Week 9 CSA from Valley Flora

  • Broccoli
  • Red Cabbage
  • Cucumbers
  • Dill
  • Head Lettuce
  • Purplette Onions
  • Strawberries
  • Zucchini

Bulk Basil Available by Special Order!

Pesto Lovers! The Basil is abundant and you are invited to place a special order for delivery to your CSA pickup site! To Order:

Email your name, phone number, CSA site and desired quantity to: betsharrison@gmail.com

Available in 1 pound bags, no limit. $22/lb


Carrots and Climate Change

It pains me to announce that starting this week VF carrots will be on pause for the next month. Normally those sweet, crunchy delights are a weekly staple in our CSA, from mid-June until the bitter end in December. But this spring we lost four consecutive carrot seedings to heavy rains and voracious slugs throughout April, May and early June. It was a major blow, since carrots are one of our most important and iconic crops on the farm. We've rationed our only bed for CSA and farmstand this past month and disappointed our wholesale customers mightily. But as of this week, we officially harvested the last of that planting and our next beds probably won't be ready until late August.

Fortunately our carrot beds have been germinating spectacularly since mid-June as conditions have become more hospitable to those tiny, slow-growing seeds (less mud, fewer slugs), but it takes about 60-80 days to get a carrot from seed to harvest. Hence, for the next few weeks carrots will be notably absent in your tote (nothing like having to buy a bag of old supermarket carrots to boost your appreciation of the fresh-dug, homegrown ones!).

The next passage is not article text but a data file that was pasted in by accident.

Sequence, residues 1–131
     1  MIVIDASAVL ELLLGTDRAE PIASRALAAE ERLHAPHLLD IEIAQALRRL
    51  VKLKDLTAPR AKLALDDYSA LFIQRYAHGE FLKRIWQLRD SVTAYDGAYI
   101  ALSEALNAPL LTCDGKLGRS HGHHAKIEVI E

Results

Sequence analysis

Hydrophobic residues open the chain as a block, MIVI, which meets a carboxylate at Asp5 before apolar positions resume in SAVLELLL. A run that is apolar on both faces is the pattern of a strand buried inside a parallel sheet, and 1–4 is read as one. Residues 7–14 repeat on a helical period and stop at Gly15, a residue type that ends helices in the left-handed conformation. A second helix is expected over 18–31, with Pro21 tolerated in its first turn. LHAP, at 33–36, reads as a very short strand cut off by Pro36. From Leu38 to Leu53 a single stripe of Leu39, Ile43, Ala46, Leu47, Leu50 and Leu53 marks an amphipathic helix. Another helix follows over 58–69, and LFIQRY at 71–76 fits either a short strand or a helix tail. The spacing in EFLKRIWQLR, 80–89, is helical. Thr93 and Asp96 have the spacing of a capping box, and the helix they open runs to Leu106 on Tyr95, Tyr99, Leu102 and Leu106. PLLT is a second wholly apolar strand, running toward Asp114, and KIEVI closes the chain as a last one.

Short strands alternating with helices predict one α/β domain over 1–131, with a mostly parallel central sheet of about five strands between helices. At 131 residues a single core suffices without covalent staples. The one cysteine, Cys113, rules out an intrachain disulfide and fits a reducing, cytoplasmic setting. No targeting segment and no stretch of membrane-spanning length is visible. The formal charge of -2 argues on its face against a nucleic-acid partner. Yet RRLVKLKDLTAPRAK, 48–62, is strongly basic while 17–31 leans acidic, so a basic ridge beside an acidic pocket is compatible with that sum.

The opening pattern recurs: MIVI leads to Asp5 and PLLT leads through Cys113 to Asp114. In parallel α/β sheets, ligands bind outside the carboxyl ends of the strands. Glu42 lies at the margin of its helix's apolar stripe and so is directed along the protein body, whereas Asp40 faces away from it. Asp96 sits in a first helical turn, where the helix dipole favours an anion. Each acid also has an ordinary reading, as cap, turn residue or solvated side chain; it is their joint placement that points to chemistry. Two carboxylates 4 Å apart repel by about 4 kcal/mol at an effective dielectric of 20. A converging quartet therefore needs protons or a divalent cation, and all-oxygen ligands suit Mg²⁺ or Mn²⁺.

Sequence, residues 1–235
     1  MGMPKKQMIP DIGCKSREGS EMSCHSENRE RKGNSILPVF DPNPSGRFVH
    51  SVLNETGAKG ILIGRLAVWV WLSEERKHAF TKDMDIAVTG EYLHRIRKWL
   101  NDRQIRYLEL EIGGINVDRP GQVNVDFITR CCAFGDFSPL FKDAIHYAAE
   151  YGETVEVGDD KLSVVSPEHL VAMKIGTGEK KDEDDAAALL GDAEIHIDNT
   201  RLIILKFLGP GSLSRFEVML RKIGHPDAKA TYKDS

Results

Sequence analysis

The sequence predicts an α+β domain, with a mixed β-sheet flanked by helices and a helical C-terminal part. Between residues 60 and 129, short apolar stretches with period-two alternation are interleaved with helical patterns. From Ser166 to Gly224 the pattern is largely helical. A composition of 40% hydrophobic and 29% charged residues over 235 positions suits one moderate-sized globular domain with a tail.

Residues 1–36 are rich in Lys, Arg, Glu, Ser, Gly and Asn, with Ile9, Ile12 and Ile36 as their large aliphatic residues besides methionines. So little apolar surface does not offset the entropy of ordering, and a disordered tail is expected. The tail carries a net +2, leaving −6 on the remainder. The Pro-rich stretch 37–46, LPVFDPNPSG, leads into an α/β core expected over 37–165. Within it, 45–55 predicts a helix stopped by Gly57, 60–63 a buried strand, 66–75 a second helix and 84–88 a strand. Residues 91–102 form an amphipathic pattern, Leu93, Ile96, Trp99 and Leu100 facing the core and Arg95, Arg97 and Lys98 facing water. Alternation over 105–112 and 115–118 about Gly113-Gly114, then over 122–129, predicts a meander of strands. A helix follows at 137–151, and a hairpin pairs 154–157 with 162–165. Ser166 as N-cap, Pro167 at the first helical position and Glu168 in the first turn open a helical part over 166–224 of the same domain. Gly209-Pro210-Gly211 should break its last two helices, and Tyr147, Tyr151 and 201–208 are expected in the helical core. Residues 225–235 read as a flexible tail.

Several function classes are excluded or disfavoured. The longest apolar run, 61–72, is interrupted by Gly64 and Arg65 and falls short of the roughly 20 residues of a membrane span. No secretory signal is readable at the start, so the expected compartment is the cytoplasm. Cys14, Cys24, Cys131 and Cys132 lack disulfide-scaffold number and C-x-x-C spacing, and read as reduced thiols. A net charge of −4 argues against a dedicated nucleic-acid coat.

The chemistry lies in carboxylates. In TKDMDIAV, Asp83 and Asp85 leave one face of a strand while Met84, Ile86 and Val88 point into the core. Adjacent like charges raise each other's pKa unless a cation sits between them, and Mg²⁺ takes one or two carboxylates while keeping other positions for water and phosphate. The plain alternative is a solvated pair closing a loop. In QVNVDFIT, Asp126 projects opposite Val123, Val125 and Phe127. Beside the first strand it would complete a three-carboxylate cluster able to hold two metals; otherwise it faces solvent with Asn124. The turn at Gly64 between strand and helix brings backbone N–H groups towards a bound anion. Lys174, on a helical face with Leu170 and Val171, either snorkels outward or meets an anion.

In all the years I've been growing food, I've never experienced a carrot crop failure like this one. The weather this past spring was unlike anything I've farmed through over the past 20 years and posed some extreme challenges for us and for farmers around the state. When all was said and done, we had a lot to be grateful for on Floras Creek compared to many farmers in the Willamette Valley. We were able to find little windows of opportunity to get plants and seeds into the ground, but conditions were far from perfect. Meanwhile, a good friend of mine who runs a CSA near Salem was unable to plant ANYTHING until June, putting her 2 months behind and forcing her to cancel a few weeks of her CSA in June. As the weather gets more extreme - scary dry last year starting in April, crazy wet this year starting in April - she's wondering if it's time to throw in the towel and be done with the stressful rollercoaster. Farming has never been easy, but climate change is making it all the more tenuous and unpredictable.

Our carrots are the climate change casualty du jour at Valley Flora. It's disappointing at the kitchen table level, but indicative of something much, much more serious and heartbreaking at the global level. Is it possible that those carrots - or the absence of them - might be one of many sparks to help us tip towards solving our climate crisis?